I’ll Tell You About Another Novel That’s Even More Strange…

cosmos gombroSome time ago I had the chance to see an excellent theatrical adaptation of Cosmos by Witold Gombrowicz and so I’ve decided to scribble a few words about the novel by – undoubtedly – my favorite Polish writer of all time.

Gombrowicz’s style is hysterical. It’s dynamic, fast-paced, full of linguistic quirks and rich in philosophical themes. His characters are usually set in situations which make them consider their identities in relation with the surrounding world (society, culture, etc.) what was inspired by author’s own experiences.

Cosmos is his last novel and, I think, his most interesting one. A story about Witold and his friend Fuks who stay in a guesthouse in Zakopane is a surreal, postmodern and multi-dimensional tale about language, perception and – as always in case of Gombrowicz’s works – concealed perversion. To be honest, I don’t know why I’m forcing those crime story patterns everywhere but in case of Cosmos we have a very specific pattern of such kind, where both of the mentioned characters start to notice how different elements of their surroundings seem to have an unclear meaning which they try to uncover. Quite early we can infer that it’s not so easy, if not impossible:

I don’t know how to tell this . . . this story . . . because I’m telling it ex post. The arrow, for instance . . . The arrow, for instance . . . The arrow, at that time, at supper, was no more important than Leon’s chess, or the newspaper, or tea, everything—equally important, everything—was contributing to a given moment, a kind of consonance, the buzzing of a swarm. But today, ex post, I know it was the arrow that was the most important, so in telling this I move it to the forefront, from a myriad of undifferentiated facts I extract the configuration of the future. But how can one describe something except ex post? Can nothing be ever truly expressed, rendered in its anonymous becoming, can no one ever render the babbling of the nascent moment, how is it that, born out of chaos, we can never encounter it again, no sooner do we look than order . . . and form . . . are born under our very eyes?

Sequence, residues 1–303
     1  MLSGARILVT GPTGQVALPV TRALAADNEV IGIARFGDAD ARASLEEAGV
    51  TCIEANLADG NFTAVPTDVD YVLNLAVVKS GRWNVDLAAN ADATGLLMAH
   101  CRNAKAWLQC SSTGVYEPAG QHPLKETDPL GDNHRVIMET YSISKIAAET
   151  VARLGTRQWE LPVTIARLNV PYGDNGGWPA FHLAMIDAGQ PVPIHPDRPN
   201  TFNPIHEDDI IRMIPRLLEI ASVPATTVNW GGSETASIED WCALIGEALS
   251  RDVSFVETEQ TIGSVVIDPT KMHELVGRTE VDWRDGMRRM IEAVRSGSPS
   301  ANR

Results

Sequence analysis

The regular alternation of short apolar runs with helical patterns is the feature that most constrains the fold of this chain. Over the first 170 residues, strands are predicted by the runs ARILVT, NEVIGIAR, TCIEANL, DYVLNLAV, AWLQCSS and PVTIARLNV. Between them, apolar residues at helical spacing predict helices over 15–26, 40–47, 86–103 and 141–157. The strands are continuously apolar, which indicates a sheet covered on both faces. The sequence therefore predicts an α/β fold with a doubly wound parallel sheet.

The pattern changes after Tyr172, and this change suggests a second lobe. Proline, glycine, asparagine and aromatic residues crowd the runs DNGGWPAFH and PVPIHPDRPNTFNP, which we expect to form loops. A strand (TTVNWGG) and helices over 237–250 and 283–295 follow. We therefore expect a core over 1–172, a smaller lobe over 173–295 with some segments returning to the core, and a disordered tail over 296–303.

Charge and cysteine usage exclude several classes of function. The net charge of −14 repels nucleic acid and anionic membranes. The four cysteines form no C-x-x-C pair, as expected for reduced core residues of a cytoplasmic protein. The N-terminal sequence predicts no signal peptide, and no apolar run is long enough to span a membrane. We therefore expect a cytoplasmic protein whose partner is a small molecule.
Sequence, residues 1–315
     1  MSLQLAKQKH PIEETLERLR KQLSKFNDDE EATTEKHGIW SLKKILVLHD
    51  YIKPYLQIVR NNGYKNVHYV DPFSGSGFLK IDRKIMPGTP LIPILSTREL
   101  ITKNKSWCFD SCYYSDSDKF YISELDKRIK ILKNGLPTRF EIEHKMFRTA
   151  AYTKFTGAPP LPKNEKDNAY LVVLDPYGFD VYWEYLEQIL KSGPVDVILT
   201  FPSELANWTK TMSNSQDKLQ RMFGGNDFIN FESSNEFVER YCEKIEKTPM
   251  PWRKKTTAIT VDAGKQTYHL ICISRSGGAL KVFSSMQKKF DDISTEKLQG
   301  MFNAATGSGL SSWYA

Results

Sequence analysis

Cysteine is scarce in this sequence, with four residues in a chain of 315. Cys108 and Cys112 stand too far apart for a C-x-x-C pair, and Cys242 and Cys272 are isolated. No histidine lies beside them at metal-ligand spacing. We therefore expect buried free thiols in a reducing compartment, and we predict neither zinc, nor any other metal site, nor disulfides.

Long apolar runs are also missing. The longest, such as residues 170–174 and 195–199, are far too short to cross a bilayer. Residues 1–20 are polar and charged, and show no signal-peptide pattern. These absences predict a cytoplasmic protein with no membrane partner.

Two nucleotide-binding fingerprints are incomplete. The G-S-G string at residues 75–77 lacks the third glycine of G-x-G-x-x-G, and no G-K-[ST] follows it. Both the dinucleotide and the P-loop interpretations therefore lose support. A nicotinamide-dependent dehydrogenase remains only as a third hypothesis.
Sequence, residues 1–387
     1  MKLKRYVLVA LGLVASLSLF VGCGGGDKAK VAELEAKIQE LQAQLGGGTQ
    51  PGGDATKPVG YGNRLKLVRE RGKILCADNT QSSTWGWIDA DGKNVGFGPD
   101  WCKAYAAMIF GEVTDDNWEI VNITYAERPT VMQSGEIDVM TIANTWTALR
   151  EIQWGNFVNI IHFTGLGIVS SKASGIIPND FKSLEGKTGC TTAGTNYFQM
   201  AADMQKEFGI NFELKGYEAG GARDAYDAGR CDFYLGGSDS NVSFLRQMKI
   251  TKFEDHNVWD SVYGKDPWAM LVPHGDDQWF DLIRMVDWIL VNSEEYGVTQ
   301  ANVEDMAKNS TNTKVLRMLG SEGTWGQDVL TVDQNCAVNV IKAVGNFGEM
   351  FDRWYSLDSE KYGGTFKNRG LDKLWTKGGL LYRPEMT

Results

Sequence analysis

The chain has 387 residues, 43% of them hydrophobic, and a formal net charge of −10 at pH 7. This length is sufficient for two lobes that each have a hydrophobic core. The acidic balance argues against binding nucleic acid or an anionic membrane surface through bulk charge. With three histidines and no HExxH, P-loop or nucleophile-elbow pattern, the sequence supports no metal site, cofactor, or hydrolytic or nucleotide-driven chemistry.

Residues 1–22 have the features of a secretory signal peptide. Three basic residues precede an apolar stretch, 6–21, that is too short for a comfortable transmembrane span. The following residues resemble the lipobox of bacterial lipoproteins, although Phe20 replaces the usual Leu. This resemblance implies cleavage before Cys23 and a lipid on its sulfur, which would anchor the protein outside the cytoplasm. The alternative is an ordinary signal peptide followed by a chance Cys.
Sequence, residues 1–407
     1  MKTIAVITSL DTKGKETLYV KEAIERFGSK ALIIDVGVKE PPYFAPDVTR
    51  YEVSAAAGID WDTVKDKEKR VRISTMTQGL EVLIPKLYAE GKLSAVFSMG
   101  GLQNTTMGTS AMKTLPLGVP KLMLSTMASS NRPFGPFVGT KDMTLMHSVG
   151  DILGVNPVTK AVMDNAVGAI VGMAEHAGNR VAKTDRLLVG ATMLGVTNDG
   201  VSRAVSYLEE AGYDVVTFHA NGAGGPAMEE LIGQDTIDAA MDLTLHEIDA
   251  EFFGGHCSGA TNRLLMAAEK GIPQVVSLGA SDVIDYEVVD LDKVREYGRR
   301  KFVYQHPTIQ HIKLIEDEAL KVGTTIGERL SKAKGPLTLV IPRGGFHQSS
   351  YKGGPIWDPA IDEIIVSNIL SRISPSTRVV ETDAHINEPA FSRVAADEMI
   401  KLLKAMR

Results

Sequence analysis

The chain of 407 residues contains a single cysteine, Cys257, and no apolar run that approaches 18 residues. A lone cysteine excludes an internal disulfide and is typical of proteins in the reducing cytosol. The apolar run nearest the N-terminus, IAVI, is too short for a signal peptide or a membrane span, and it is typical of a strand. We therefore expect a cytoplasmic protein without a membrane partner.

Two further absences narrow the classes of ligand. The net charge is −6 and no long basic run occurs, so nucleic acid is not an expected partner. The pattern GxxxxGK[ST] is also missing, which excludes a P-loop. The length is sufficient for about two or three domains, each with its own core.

A great deal of the plot is dedicated to those reflections about our understanding of reality, the way we give meaning to its elements and what relations there are between time, space, external objects, our imagination etc. There’s a lot to say about how it can be viewed from the perspective of ontology, individuality, relativism, philosophy of Heidegger, Husserl and so on, but I’m not here to write academic analyzes.

What I love about the novel as well as the entirety of Gombrowicz’s writings are those attempts to make a sense out of the surrounding world what is juxtaposed with an overwhelming absurd of it all. Since I’ve read Ferdydurke in high school I’ve been drawn to such theme quite strongly in literature – and not only. I cannot really imagine its full character without the way how Gombrowicz plays with Polish language and creates a very original style, however it doesn’t mean that nobody else cannot appreciate it in other languages. Translation of Cosmos by Danuta Borchardt (published in 2005 by Yale University Press) is excellent and though I’ve read only fragments by far, I can recommend it without any doubts.


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